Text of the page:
Release Date: June 19
Director: Woody Allen
Writer: Woody Allen
Cinematographer: Harris Savides
Starring: Larry David, Evan Rachel
Wood, Patricia Clarkson
Studio/Run Time: Sony Pictures
Classics, 92 mins.
Throwaway comedy from Woody Allen still
has funny jokes
Woody Allen's yearly release schedule
has produced both gems and clunkers, and his latest is certainly in
the lesser bunch. So this may seem like a strange time to realize
that I've developed a grudging respect for Allen and his methods.
While some reviewers may observe that two of every three jokes fall
flat, I'm a little bit amazed that Allen would toss that one good
third into such a sloppy story, like a fistful of prized truffles
whisked quickly into a pan of Tuna Helper.
While other artists might gather jokes
and ideas over a longer period, prune the duds, and wait for a
critical mass, Allen seems to use an alarm clock to tell him when to
send his latest draft from the typewriter to the actors. But a
lackluster Allen film, because it's a momentary and fleeting snapshot
of the filmmaker's microscopic progress since his last outing, just
underscores what a happy, equally fleeting occurrence the good ones
are. He follows the schedule of a craftsman but experiences the
intermittent flash of an artist, and while the steady appearance of
the former frustrates those who are hoping for the latter, as a
process it works. It works for Bob Dylan, it works for Woody Allen.
And as the title says, whatever works.
This year, Larry David and Evan Rachel
Wood are Boris and Melodie, an unlikely October-April couple. He's a
neurotic hypochondriac and self-proclaimed genius Scrooge who
punctuates his sentences with "imbecile" and "spare
me". And she's the aforementioned imbecile. She wanders into his
life like a lost puppy, appearing outside his apartment asking for
money and hailing, it seems, from some long lost rural South. But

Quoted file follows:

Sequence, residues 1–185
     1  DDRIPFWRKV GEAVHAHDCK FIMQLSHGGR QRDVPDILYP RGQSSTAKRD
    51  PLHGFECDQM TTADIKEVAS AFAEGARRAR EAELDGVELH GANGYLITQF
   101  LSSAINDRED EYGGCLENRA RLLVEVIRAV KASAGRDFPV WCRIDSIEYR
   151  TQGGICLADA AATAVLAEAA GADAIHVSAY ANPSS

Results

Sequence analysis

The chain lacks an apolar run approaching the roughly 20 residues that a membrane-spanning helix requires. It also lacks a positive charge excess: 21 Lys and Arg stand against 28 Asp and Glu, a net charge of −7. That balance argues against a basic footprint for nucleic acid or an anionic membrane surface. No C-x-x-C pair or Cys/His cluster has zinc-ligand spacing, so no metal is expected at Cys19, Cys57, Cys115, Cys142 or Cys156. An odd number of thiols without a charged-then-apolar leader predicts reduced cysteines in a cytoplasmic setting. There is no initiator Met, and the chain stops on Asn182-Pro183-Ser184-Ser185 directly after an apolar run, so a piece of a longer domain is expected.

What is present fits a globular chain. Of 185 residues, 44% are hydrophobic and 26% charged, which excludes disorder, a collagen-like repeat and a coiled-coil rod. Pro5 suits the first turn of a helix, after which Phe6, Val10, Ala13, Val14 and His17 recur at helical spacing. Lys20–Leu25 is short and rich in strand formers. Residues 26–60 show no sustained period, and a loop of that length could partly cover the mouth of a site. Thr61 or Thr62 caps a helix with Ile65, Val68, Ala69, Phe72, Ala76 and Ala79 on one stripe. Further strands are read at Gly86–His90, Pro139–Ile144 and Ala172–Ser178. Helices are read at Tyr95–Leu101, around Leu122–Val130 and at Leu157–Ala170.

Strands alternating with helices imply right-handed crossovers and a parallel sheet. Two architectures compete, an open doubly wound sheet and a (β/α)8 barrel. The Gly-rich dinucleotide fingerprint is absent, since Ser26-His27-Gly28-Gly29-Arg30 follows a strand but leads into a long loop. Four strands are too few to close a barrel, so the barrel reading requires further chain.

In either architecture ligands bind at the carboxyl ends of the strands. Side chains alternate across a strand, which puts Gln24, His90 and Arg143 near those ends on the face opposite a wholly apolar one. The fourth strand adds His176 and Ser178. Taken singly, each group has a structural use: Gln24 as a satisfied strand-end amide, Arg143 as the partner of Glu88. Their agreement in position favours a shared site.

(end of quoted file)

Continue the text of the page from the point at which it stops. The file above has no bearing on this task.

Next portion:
she's sweet, pretty, impressionable, and best of all, reverent toward
the genius—so they hook up. From Boris’ perspective, once he
warms to her, they make a pretty great couple. He compares her to the
"idiot" Benjy from Faulkner's The Sound and the Fury, and
she offers a vacant non-response, as if he just smiled at the
horizon. It’s a win-win.
Boris is the stand-in for Woody Allen,
and his rants at the "inchworms" that surround him are
often funny, even though they're hampered by David's perpetual smirk.
With raised eyebrows, he seems more tickled than exasperated to be
speaking Allen's exasperating dialogue. I like David, but it's hard
not to imagine—and prefer—the Woody Allen of two decades ago
playing the role, or even Jason Alexander, who was David's alter-ego
But that very interplay of images from
the past and present, from life and fiction, or from this fiction and
some previous fiction, is an odd, compelling, and consistent part of
Allen's films. The quality fluctuates but the obsessions don't. Even
in a throwaway obligation like Whatever Works, Allen's personal life
as we know it provides the source material (just as David's does for
his TV shows), and he seems ever willing to crack open his persona,
to poke fun at the aging man's fantasy that we could easily and
lazily assume is his own. A close-up of David’s serious face late
in the film is the one tender turn, mostly because Boris seems to be
thinking something other than what he’s saying.
When Melodie's mother (Patricia
Clarkson) ventures north in search of her daughter, she discovers
that Melodie is "living like a sharecropper," revealing
another strange corner of Allen's universe. It's one thing to
disparage religious, right-wing Southern rubes but it’s another to
transport them from decades past—when "sharecropper"
still had bite, when the local beauty pageant had more appeal than
American Idol—drop them into New York, and pretend that the magic
of urban sophistication can bring out their freer, sexier selves. The
hyper caricatures and the casual inaccuracies shift the point of the
satire away from the rubes and toward the sophisticates, who
myopically believe in New York as the center of the universe, Allen
himself among them.
Nubile Melodie eventually captures more
eyes than just the two in Boris' head. She says she's pretty sure
it's mathematically impossible for her to be in two dreams at once,
but oh, how wrong she is. Like the myriad dreams in which the girl
walks, Allen's film is a merged picture of overlapping fantasies, and
the competing ideas don't altogether harmonize. But it’s all
disposable, and the next one will start with a fresh page, a clean
take on the same preoccupations. And given the slapdash nature of
Whatever Works, that's surely a good thing.